Alternators are essential to internal combustion engines because this component is what converts chemical energy from burning gasoline into electrical energy to power various parts. Without an alternator, the battery in a gas-powered vehicle wouldn’t stay charged.
The burning fuel needs to do more than causing the engine to move if you want to power a vehicle with modern electronics inside. Do snowmobiles have alternators?
Snowmobiles have alternators because their engine and electrical system are similar to a car’s. The alternator’s job is to help run the secondary electrical systems and charge the battery as your sled runs. Electronics like your Electronic Fuel Injector and even your headlights won’t work without an alternator to provide them with power.
What Does A Snowmobile Alternator Do
A snowmobile alternator takes the energy that gets released from fuel ignition and converts it to electric power.
The power generated keeps your sled’s battery charged and runs other electrical systems in your machine.
All alternators use a similar method to convert energy into usable electrical power.
Generating power out of the engine’s motion requires a coil of wire, a magnet, and a source of rotational motion like the moving parts of an internal combustion engine.
The engine’s rotation does more than turn your wheels. It also creates an electrical current when appropriately harnessed.
As Firestone Auto explains, “When your engine is on, it powers a drive belt that rests on a pulley attached to the alternator. The pulley turns the alternator’s rotor shaft, which spins a set of magnets around a coil.”
Parts Of Snowmobile Alternator
Snowmobile alternators are made up of some relatively simple parts. The three main vital components are the rotor, the diode, and the stator.
Your alternator belt spins around, causing the alternator pulley to rotate, causing the rotor to move around quickly.
Rotor, in this case, is a fancy term for a magnet or group of magnets. The magnets sit inside the stator and spin.
Typically they will move at extremely high speeds interacting with the stator wires to create an electrical charge to send to the diode. The rotor sits inside a rotor shaft.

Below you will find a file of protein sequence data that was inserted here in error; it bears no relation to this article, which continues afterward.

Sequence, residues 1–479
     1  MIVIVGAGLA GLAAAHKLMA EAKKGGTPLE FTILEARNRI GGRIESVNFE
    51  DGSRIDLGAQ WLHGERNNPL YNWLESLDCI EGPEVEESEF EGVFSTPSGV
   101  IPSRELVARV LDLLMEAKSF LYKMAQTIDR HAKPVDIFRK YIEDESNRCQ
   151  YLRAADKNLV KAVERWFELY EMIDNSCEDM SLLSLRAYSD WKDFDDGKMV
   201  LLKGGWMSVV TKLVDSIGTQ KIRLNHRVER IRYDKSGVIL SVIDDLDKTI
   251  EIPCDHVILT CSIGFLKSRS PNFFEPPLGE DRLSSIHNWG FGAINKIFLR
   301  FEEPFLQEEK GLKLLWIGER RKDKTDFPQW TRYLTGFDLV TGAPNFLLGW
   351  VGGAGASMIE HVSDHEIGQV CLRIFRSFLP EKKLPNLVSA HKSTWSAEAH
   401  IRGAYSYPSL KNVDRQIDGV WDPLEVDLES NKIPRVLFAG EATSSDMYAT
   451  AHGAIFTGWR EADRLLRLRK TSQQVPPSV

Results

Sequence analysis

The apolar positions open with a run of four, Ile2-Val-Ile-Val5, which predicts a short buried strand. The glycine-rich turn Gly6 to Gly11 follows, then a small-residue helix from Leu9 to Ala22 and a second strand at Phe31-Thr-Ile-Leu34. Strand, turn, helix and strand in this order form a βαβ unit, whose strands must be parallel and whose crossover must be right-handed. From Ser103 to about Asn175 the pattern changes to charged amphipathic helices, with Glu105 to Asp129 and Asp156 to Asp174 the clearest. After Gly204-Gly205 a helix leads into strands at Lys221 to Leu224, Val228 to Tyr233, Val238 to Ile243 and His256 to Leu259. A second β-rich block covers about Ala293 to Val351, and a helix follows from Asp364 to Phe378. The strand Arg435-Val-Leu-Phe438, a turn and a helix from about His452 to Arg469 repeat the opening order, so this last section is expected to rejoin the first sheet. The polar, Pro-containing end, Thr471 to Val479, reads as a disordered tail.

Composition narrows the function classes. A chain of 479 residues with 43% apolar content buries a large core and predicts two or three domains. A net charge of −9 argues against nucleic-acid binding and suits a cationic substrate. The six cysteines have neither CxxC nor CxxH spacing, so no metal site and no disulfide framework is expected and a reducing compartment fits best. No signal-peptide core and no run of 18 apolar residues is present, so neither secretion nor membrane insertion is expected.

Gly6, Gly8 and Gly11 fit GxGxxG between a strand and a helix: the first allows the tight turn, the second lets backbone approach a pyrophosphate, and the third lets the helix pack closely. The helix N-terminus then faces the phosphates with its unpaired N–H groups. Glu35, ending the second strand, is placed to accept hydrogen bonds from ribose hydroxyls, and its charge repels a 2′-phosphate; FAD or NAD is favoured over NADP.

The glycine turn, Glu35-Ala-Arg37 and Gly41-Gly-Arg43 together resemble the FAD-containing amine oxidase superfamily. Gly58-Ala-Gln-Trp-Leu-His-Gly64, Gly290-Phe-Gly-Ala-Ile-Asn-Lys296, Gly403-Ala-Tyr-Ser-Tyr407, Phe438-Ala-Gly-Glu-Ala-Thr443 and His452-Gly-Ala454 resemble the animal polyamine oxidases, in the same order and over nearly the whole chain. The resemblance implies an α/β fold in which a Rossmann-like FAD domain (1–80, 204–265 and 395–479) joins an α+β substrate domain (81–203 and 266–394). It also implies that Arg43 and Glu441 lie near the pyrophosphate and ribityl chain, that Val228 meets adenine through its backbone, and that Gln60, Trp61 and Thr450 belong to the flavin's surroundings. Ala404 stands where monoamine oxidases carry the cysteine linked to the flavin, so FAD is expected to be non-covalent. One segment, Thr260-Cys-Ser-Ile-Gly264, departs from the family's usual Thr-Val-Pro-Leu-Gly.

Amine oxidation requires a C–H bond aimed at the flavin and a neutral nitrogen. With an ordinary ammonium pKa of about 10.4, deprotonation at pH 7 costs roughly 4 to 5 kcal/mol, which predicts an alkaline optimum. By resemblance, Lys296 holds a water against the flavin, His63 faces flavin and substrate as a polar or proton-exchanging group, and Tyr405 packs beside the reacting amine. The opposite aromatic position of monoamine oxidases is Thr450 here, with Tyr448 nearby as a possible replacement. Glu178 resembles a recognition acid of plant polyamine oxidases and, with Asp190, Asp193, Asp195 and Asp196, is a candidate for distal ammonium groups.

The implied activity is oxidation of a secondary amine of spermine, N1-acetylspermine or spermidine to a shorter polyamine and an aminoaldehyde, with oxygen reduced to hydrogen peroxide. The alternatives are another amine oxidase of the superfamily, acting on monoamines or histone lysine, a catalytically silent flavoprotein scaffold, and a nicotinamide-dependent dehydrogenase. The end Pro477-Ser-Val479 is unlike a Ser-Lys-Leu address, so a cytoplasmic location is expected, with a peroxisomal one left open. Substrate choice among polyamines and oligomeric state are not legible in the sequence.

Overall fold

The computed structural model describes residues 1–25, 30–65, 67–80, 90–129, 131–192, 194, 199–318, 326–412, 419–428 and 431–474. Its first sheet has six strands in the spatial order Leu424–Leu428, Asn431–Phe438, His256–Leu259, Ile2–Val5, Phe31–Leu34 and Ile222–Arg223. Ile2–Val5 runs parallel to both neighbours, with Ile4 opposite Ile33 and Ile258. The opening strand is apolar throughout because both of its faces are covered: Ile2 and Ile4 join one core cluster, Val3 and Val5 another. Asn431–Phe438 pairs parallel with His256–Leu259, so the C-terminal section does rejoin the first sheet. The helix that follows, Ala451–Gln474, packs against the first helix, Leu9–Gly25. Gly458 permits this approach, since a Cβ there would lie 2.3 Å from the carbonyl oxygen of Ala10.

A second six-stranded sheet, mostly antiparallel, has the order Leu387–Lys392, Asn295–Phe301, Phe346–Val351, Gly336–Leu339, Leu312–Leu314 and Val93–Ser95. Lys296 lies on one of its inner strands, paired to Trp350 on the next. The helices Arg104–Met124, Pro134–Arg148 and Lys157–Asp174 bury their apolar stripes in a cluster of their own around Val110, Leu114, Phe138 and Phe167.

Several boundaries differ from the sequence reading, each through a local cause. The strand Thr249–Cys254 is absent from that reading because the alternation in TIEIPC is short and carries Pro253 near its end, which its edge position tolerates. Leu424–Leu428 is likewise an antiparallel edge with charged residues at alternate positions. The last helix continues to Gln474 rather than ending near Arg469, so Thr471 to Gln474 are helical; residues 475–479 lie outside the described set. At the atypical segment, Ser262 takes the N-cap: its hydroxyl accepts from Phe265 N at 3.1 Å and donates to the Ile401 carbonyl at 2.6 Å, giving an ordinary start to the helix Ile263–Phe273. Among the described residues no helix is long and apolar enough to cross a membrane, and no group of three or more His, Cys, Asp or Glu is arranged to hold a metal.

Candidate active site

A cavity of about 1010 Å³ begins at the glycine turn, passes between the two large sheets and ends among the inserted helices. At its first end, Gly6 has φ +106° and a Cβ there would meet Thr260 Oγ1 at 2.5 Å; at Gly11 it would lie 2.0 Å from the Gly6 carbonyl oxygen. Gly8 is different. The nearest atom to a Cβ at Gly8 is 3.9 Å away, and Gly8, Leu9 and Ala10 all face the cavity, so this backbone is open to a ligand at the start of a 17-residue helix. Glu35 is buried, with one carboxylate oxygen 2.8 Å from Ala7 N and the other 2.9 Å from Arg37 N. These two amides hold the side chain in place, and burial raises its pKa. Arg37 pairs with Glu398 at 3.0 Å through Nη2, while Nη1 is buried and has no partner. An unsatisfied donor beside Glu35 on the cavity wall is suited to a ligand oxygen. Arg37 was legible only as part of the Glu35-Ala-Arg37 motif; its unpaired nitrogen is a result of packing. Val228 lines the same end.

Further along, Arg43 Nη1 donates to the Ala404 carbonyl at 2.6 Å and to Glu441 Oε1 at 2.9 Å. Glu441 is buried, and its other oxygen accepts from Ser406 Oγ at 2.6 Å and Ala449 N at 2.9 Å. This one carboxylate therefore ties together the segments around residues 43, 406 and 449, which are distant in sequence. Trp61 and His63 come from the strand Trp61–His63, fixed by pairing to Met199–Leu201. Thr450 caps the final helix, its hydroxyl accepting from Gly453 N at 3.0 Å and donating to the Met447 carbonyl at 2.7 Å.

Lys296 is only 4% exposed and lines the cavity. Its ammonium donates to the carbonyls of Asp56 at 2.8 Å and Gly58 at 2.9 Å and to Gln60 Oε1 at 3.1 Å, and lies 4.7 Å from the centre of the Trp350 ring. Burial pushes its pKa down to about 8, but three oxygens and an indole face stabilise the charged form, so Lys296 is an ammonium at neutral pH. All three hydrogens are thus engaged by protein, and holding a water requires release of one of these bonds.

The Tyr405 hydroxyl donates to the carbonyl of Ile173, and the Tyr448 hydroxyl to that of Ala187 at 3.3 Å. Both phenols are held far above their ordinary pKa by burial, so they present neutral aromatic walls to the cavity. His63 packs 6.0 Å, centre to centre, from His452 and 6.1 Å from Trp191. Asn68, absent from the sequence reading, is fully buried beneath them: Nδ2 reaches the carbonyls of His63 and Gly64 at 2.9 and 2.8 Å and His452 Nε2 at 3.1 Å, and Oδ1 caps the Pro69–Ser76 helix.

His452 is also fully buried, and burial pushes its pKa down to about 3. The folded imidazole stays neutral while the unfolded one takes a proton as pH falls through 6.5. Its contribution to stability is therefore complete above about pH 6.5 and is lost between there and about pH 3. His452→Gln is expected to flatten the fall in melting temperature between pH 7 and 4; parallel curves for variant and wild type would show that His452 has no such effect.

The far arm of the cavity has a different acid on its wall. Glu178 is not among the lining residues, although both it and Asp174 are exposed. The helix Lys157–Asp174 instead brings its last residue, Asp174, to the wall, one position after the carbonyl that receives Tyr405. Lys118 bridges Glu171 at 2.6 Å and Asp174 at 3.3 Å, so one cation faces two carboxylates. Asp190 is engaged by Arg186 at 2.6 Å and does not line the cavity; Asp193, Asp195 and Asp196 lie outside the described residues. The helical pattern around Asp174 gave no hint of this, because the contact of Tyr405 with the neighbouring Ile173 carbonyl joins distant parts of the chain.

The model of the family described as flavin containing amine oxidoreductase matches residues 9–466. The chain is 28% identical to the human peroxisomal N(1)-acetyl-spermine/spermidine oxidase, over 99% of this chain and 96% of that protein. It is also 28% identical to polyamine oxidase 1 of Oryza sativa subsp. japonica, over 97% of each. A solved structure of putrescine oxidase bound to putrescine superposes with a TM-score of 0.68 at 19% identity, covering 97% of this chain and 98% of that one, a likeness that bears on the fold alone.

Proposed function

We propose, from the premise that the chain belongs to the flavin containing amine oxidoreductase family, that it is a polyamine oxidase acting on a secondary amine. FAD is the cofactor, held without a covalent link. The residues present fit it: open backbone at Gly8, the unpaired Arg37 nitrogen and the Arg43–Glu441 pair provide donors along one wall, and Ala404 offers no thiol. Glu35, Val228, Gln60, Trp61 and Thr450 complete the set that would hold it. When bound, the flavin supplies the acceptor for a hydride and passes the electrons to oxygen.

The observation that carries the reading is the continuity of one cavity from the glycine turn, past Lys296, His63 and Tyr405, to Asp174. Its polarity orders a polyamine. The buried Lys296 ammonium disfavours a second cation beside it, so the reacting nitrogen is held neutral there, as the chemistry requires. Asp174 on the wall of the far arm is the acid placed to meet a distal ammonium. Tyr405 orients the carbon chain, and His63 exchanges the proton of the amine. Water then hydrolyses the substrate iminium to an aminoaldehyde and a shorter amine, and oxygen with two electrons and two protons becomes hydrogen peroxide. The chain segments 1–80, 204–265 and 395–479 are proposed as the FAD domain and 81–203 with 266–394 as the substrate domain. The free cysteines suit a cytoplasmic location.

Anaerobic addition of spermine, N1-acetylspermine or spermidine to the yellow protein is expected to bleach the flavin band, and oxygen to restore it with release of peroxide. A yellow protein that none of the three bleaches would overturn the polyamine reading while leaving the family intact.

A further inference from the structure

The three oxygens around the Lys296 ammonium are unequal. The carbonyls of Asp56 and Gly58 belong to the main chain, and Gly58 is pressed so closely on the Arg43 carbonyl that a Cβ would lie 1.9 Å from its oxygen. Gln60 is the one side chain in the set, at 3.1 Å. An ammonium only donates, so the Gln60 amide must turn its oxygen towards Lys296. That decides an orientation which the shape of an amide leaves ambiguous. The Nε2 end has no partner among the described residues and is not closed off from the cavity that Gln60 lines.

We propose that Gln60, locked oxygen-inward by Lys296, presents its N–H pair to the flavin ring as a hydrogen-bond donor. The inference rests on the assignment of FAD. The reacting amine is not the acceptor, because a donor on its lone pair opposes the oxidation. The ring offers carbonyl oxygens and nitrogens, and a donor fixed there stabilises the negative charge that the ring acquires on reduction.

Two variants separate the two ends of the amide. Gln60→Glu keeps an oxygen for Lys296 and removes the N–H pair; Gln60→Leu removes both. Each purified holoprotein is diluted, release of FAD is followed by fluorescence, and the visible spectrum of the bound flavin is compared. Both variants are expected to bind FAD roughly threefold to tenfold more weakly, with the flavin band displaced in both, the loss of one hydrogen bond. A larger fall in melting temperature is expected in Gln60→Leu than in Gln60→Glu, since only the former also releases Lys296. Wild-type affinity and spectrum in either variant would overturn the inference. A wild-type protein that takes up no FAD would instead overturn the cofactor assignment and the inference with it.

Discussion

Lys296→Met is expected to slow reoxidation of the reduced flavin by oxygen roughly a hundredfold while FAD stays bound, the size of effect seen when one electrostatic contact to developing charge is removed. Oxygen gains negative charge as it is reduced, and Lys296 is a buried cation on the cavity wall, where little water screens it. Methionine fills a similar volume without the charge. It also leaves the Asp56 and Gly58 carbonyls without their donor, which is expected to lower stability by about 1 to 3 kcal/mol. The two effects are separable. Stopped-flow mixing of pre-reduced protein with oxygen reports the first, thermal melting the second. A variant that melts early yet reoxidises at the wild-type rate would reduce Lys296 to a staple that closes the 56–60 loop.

The US Energy Information Administration states, “Moving magnetic fields pull and push electrons. Metals such as copper and aluminum have electrons that are loosely held. Moving a magnet around a coil of wire, or moving a coil of wire around a magnet, pushes the electrons in the wire and creates an electrical current.”
The diode is like a translator for energy. As the rotor (magnets) spin rapidly inside the stator (coil of wire) and build a charge, the power has to go somewhere.
The copper coil of the stator connects to a diode, which is where all that untapped energy gets harnessed and channeled into usable electrical power.
The power from the diode travels through your sled by collecting the charge on its positive side or anode and moving it through to the cathode or negative side.
After that, the DC or direct current energy is in the proper form to turn on lights or dash displays and keep the battery running.
The stator is the non-moving part of an alternator. This unique piece, made of coiled wire, provides a magnetic field that drives a rotating armature.
Stators connect to the diode on one side and house the rotor inside. As the rotor moves within the wires, an electrical charge builds up.
Additionally, the stator’s fanning motion helps keep its output cool enough to be used safely. Usually, this is a relatively quiet component.
However, always pay attention if your stator suddenly becomes louder or makes grating and grinding noises.
Those sounds are the first hint you may get when something inside has gone wrong.
Similarly, if you have trouble starting your sled or the battery power is always too low, check your stator.